Where did Gary Sanchez come from? And is he here to stay?
Since August, one name has dominated the baseball headlines: Yankees rookie catcher Gary Sanchez. Simply put, Sanchez has kicked off his career by doing something that no other player has done in the Modern Era (since 1900) by hitting 19 homers within his first 45 games. His power is astounding and his ability to consistently get good contact on the ball will always be a plus.
However, everyone knows that all good things must be taken with a grain of salt, so the question every Yankees fan must ask is the following: can he continue to be this good go forward into the coming seasons?
Unfortunately, the short answer is no. I’m fairly sure that Sanchez is not a superhuman so the odds of him maintaining his freakish homerun pace (which again hasn’t ever been done in over a century) are very slim to none. It’s simply impossible to continue this pace ad infinitum.
To clarify, a homerun pace of 19 homeruns over 45 games projected over a full 162-game season would yield around 70 homers. The record is 73 by Barry Bonds, though many people will always question the legitimacy of that mark because of Bonds’ steroid history. Basically, hitting 70 homers in a season is really not plausible so to expect Sanchez to come back next season and replicate his current homerun pace is absurd.
Now, will he be able to come back next season and give fantastic production over a full season? The answer should be yes. Sanchez looks like the real deal, so much so that various news outlets like FOXSports.com either believe or are seriously asking whether Sanchez should win the AL Rookie of the Year award based on his performance over the final third of the season. That’s how good this kid is. He’s doing so well that experts (not just hardcore Yankee fans, but experts) are seriously considering Sanchez for the top rookie honor and willing to forget about all the other great rookies who have emerged and played the whole season.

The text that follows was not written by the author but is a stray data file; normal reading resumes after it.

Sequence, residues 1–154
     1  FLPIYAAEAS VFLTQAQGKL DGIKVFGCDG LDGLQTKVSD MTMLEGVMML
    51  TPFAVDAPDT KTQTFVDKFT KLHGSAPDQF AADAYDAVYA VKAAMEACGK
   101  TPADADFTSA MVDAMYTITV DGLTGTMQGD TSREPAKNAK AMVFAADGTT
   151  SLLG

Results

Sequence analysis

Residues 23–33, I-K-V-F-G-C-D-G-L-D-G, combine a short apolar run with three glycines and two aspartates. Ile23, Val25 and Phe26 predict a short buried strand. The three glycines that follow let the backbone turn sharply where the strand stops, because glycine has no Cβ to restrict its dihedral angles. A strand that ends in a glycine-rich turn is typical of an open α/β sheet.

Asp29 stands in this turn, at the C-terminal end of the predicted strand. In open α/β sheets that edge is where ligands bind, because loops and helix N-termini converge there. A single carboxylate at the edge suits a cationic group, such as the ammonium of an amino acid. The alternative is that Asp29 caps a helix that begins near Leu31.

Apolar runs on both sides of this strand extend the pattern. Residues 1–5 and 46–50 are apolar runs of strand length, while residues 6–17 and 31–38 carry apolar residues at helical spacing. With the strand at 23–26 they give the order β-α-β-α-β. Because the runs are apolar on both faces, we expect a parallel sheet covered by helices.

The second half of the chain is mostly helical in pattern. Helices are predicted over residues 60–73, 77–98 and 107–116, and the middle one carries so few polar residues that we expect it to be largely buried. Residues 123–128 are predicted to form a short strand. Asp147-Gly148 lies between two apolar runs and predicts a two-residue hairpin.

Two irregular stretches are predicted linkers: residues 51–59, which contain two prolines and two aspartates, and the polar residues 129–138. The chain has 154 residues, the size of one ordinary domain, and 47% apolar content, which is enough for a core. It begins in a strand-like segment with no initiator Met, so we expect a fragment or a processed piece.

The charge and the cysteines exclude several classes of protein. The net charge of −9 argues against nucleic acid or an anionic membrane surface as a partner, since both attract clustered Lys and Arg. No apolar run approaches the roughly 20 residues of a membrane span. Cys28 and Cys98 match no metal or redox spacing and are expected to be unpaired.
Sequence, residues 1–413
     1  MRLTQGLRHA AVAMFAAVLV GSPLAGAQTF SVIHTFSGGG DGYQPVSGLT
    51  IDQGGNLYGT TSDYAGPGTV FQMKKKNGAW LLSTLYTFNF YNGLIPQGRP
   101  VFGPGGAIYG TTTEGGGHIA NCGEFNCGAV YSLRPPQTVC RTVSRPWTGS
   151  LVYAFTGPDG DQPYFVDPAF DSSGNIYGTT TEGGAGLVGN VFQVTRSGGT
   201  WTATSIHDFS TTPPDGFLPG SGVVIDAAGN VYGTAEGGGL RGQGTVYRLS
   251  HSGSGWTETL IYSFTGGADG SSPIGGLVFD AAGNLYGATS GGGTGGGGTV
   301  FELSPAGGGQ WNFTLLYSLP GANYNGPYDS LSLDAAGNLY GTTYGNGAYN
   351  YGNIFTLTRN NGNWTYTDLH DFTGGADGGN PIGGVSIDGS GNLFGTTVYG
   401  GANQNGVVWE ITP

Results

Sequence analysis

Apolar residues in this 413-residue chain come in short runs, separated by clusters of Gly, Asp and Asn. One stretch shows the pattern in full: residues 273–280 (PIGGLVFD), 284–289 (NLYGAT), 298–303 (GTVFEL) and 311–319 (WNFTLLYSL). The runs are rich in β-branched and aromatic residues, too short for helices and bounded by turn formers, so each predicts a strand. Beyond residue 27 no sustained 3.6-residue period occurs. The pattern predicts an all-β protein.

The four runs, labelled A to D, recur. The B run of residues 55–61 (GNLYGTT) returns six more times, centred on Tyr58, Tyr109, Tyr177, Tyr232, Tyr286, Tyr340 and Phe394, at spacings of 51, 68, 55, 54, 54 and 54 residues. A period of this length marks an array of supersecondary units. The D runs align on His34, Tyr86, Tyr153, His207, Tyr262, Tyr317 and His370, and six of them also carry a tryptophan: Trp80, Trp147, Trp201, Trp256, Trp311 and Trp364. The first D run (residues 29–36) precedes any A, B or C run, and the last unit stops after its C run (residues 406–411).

Regardless of whether he wins the AL Rookie of the Year or not (which would be a tremendous feat in itself), what is certain is that Gary Sanchez is for real. He’s for real and he’ll get all of next season to show how well he can produce over a full season. But even more importantly, Sanchez symbolizes the rebirth of the Yankees franchise, which has struggled over the past few years. Knowing the Yankees faithful, even if Gary Sanchez gives half the production he already given next year, they’ll be happy.